The Allahabad High Court has held that DNA test can be ordered only in exceptional cases when there is no other legal basis to determine Parentage.

The Court was deciding a case that arose out of proceedings initiated under Section 9A (2) of the Uttar Pradesh Consolidation of Holdings Act, 1953 (in short, “Act, 1953”).

A Single Bench of Justice Saurabh Shyam Shamshery observed, “As held in Aparna Ajinkya Firodia (supra) order to conduct DNA test could not be passed in a routine manner and it has to be passed only in extraordinary circumstances when there is no other legal basis to determine parentage of person concerned and since in the present case there is a document which is recognized to be sufficient legal proof of determination of date of birth, i.e., matriculation certificate, therefore, no circumstance exist to pass an order for DNA test.”

Advocate Onkar Singh appeared for the petitioners while Advocate Abhitab Kumar Tiwari appeared for the respondents.

Facts of the Case -

The parties did dispute the pedigree as far as relations were concerned that land in dispute was in the name of a man, who had three sons. The eldest son (Shakeel) had married with the petitioner no. 1 in the year 1997. However, unfortunately he died and it was the case of petitioner-1 that out of wedlock of Shakeel, a daughter was born (Petitioner-2 herein) whereas case of contesting-respondents was that the petitioner-1, after death of her husband, remarried and petitioner-2 was born out of wedlock with her second husband.

It was further case of contesting-respondents that since petitioner-1 did take care of her husband during his life time, therefore, he executed a Will in favour of contesting-respondents, i.e., his two brothers. The petitioners had lost before all the three authorities, i.e., Consolidation Officer, Settlement Officer of Consolidation and Deputy Director of Consolidation. Hence, the matter was before the High Court.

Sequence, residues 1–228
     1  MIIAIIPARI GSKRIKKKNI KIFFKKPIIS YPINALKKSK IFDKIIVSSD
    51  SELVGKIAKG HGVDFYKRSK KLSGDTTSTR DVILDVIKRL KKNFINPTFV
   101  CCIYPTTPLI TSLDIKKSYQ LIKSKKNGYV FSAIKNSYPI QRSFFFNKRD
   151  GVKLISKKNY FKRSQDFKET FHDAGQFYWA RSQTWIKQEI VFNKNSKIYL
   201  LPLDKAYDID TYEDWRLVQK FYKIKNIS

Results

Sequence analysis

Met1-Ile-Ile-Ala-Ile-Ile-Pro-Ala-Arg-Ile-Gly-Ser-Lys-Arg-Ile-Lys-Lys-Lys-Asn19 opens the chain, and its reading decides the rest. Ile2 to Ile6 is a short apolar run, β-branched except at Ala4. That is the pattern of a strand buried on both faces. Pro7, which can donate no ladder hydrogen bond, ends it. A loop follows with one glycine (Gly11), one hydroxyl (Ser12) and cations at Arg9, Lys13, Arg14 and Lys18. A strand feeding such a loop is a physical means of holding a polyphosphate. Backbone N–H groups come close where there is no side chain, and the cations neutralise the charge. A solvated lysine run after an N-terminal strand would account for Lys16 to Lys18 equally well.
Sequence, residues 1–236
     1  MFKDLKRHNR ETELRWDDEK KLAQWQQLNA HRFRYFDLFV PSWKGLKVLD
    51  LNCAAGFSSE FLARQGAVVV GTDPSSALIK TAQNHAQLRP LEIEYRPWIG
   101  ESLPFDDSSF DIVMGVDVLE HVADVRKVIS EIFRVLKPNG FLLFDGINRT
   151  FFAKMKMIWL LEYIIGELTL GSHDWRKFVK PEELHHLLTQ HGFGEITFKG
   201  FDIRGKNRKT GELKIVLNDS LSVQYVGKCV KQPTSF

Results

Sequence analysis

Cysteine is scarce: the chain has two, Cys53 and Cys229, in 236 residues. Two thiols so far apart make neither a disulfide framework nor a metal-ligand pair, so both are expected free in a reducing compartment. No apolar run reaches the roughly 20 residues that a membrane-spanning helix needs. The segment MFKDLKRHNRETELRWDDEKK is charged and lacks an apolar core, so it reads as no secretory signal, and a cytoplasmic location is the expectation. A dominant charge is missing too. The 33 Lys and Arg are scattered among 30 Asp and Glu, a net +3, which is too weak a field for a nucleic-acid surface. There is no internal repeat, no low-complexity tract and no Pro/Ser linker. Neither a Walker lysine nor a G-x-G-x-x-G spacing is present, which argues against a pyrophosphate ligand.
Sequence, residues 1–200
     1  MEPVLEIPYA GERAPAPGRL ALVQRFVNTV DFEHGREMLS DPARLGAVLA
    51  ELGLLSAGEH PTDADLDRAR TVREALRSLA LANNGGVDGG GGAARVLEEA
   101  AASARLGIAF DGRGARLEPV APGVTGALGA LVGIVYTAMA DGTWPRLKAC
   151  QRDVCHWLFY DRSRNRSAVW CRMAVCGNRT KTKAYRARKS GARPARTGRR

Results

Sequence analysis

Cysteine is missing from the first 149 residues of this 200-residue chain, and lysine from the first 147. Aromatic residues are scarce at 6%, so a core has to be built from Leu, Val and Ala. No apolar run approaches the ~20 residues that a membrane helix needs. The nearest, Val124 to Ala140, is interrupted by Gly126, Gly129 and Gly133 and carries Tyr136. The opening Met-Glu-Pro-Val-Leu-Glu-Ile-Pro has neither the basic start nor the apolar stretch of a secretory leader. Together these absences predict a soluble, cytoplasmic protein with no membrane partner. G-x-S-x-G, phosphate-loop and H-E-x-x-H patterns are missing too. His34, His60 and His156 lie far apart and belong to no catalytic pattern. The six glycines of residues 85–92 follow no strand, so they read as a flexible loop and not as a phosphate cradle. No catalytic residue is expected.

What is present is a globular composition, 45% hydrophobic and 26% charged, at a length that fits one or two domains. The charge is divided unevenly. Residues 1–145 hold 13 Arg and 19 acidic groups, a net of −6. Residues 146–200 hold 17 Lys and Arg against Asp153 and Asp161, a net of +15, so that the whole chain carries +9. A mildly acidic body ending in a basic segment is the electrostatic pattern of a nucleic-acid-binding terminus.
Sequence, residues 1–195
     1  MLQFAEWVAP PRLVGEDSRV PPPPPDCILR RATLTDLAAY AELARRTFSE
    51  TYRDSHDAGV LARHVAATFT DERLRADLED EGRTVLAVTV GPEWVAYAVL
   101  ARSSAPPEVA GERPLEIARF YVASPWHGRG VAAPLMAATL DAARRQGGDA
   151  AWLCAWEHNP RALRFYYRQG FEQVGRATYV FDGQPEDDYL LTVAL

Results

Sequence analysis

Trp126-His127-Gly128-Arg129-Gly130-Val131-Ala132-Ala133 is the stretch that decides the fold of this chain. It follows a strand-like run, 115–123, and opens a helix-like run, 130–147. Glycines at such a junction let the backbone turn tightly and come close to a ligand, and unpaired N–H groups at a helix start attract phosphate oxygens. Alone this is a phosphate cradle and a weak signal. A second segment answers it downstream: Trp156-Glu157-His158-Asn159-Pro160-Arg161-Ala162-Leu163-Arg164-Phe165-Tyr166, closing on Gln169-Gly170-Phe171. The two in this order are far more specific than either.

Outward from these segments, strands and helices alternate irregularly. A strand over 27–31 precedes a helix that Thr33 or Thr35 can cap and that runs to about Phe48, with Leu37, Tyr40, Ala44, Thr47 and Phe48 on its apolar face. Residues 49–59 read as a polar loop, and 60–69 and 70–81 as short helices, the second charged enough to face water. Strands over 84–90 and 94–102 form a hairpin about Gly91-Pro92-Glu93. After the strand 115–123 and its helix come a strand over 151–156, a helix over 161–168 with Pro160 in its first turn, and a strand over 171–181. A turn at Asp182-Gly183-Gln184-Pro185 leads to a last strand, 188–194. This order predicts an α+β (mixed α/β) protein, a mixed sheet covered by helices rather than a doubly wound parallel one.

The High Court in view of the facts and circumstances of the case said, “… matriculation certificate or birth certificate issued from School would be considered to be best evidence to determine date of birth of a person and in the present case according to certificate of matriculation date of birth of Petitioner-2 is 04.05.1999. Therefore, the findings returned by all the three authorities that on the basis of birth date, Petitioner-2 cannot be considered to be the daughter born out of wedlock of Petitioner-1 and Shakeel, since admittedly he died on 27.07.1997, i.e., about one year, 08 months and 07 days before Petitioner-2 was born, cannot be considered to be perverse. Nothing has been brought on record that date of birth mentioned in the document available at School was different.”

The Court further noted that merely that the name of Shakeel was mentioned as father in certificate would not contradict medical opinion that considering gap of 615 days between death of Shakeel and date of birth of Petitioner-2, he could not be her father.

“… any challenge to “Will” at behest of petitioners has also no basis. A factor that Petitioner-2 (now major) has independently never taken any step to claim her right, if any, over land in dispute, also held to be against the petitioners”, added the Court.

Accordingly, the High Court dismissed the writ petition.

Cause Title- Smt. Mobin and Another v. Dy. Director of Consolidation and 6 Others (Neutral Citation: 2023:AHC:216137)

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